Symbolic Universe

 
Jesus, full of the Holy Spirit, returned from the Jordan and was led by the Spirit in the wilderness, where for forty days he was tempted by the devil.

Luke 4:1-13
 
Friend and mentor, Dave Hillis, president of Leadership Foundations, tells the story from his days as a camp counselor when he was asked to lead a seminar for urban youth. A young lady walked in just as it was about to start and asked Dave what the topic would be. When he told her it was about how to survive in the city, she immediately replied with attitude, “Oh, that’s easy! You only need three things–a gun, a condom and a Bible.”
 

The woman was expressing what Ben Beltran calls the “symbolic universe”–the narrative structure of the soul that holds us together and makes meaning of life. In fact, the Latin word symbolum literally means, “to hold together.” If we can resist judgment and listen, the young woman is saying something profound. She lives in a world where guns, condoms and bibles are equally valid tools of survival depending on the situation. We need a gospel that can speak into this reality and transform it.
 
As we enter the first week of Lent, Satan meets Jesus in the desert to discuss the symbolic universe of Israel. Satan chooses the elemental symbols of life–bread, crown and temple. If we step back to see the bigger picture, it becomes clear these symbols represent the economic, political and religious systems by which society functions. When seen this way, the temptations are about the narrative structure of life itself.
 
Bread: From Scarcity to Abundance
Satan tempts Jesus to turn stones into bread. Jesus resists and insists that God’s economy is one of abundance not scarcity. Even though he is alone in a desert filled with nothing but sand and rocks, he does not react in fear; Jesus knows there is more than enough bread for all if we could only see it. In fact, later in the Gospels Jesus feeds five thousand to prove the point, and ultimately he is revealed as the bread of life that we celebrate at communion–a table open to all. There is more than enough. That is God’s economy.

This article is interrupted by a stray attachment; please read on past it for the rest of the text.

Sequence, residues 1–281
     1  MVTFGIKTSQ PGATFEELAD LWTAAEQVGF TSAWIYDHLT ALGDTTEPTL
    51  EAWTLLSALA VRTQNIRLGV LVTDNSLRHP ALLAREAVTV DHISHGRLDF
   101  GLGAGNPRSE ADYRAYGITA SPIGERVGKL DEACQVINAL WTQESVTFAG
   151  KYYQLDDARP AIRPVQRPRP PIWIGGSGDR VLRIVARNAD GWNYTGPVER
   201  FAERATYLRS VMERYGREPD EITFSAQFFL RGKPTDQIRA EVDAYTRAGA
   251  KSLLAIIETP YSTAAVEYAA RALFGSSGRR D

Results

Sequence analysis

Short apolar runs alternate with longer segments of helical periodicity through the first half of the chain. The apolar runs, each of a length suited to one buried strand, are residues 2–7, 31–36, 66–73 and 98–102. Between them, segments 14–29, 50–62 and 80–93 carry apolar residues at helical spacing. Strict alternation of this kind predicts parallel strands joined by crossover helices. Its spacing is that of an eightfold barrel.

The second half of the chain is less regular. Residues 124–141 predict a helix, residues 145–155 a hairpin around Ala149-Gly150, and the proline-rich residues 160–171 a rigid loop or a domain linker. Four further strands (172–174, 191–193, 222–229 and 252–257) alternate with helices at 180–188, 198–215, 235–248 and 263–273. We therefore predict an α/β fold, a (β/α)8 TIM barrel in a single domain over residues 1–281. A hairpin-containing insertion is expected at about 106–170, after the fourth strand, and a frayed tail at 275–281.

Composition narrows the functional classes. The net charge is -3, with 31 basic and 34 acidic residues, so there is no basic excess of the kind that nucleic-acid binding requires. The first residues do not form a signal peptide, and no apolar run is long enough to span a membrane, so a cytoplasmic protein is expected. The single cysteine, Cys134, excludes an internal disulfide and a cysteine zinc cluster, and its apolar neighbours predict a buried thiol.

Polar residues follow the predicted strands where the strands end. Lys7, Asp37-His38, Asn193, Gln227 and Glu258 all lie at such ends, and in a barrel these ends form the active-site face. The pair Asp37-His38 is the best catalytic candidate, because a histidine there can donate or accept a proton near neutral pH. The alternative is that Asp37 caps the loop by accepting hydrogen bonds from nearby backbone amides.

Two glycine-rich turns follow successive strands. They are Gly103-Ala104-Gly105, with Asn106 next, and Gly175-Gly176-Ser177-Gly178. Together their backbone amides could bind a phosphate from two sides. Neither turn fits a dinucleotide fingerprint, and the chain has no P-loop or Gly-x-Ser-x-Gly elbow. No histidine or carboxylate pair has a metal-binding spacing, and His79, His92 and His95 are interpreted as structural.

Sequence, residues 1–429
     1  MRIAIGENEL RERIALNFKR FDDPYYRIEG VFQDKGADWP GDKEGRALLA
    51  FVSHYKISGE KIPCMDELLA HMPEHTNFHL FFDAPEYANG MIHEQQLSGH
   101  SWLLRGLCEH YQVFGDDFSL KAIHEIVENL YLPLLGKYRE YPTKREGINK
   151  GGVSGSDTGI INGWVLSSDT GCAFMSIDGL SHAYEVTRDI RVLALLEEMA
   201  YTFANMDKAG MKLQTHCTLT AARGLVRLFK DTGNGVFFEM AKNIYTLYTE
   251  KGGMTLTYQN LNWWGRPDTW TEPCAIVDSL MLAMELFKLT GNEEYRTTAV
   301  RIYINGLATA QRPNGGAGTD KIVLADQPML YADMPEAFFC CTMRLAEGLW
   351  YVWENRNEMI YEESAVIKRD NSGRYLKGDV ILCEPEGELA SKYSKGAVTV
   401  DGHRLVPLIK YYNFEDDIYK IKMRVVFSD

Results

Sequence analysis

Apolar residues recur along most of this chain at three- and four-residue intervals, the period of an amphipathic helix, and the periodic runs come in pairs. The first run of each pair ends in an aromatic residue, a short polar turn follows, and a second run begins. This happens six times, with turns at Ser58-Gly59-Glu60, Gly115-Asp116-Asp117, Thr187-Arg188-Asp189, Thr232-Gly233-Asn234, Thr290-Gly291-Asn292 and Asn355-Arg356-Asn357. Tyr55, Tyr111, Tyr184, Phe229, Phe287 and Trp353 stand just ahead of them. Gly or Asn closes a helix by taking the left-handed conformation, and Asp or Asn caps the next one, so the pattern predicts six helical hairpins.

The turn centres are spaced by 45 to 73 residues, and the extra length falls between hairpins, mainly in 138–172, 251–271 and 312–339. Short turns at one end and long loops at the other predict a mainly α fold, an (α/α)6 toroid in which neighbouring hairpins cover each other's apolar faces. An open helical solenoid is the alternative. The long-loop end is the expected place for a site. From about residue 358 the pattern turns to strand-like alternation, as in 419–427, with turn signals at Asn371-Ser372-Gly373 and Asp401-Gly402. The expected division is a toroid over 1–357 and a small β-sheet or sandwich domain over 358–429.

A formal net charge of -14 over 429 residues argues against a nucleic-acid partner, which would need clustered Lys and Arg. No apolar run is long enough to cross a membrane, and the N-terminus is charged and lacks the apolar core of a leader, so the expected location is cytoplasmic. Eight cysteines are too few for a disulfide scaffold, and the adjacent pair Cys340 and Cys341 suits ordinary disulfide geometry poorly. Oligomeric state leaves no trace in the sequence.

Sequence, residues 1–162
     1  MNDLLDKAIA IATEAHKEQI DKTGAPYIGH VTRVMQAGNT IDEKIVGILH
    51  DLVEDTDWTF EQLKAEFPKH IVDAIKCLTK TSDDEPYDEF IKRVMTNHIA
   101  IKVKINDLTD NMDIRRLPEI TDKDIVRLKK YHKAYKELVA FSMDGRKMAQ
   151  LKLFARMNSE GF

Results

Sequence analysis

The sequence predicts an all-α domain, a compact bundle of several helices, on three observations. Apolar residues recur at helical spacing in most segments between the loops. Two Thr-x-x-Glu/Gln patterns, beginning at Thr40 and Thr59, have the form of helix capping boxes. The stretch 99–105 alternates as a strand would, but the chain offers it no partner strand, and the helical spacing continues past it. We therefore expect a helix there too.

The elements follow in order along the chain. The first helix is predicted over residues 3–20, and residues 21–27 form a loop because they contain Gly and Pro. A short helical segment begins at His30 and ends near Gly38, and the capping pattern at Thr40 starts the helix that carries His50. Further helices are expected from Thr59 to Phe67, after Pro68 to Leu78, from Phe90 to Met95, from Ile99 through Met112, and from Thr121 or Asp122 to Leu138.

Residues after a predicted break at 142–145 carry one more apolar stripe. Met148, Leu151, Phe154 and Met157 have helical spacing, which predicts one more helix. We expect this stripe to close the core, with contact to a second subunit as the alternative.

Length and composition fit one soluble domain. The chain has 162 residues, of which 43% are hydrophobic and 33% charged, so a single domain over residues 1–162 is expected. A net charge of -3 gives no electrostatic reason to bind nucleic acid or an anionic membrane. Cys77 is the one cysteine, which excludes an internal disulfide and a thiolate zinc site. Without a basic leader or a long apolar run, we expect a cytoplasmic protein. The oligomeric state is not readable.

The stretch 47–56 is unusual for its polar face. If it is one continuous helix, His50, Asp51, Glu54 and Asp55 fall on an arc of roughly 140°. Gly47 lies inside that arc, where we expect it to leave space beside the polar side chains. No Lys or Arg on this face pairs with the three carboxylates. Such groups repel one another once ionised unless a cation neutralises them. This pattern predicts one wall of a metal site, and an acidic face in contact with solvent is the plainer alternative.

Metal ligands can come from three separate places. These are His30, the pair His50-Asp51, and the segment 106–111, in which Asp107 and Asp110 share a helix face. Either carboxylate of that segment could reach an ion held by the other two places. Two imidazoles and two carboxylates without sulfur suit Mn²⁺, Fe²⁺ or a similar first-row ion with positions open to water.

Crown: From Domination to Doxology
Satan offers Jesus a crown, if he will “worship” Satan, but the crown that he offers is really a crown of thorns. Satan’s politics of domination and coercion, of might-makes-right and bigger is better, always ends with someone being sacrificed. Jesus exposes Satan’s twisted view of power and insists on a new kind of power–one that is perfected in weakness and is given away. That is God’s power worthy of “worship,” which is an important verb in this temptation. In Greek, the word is “doxa,” from which we get the word doxology (i.e. Praise God from whom all blessings flow…). The point here is that God’s power flows out, not in, and down, not up. Those are God’s politics.
 
Temple: From Sacrifice to Mercy
Jesus is taken to the temple, which is the sacred center of Israel. The devil tempts Jesus to throw himself into a religious system built on the sacrifice of innocents. Jesus resists, and in doing so, reimagines the entire premise of religion itself. In fact, he tears down the temple system and builds a new temple (himself) that is founded on mercy, not sacrifice. “I desire mercy not sacrifice” (Hosea 6:6). That is God’s religion.
 
The Lenten season is a reminder that we are desperate for a faith that reimagines our world through a lens of abundance, of blessing, and of mercy–a world that reflects God’s very heart. That is the promise which awaits Jesus, and us, on our way to Easter.
 
Adapted from Chapter 7, Symbolic Universe, in Geography of Grace – Doing Theology from Below.
 
 
Kris Rocke
Executive Director
Street Psalms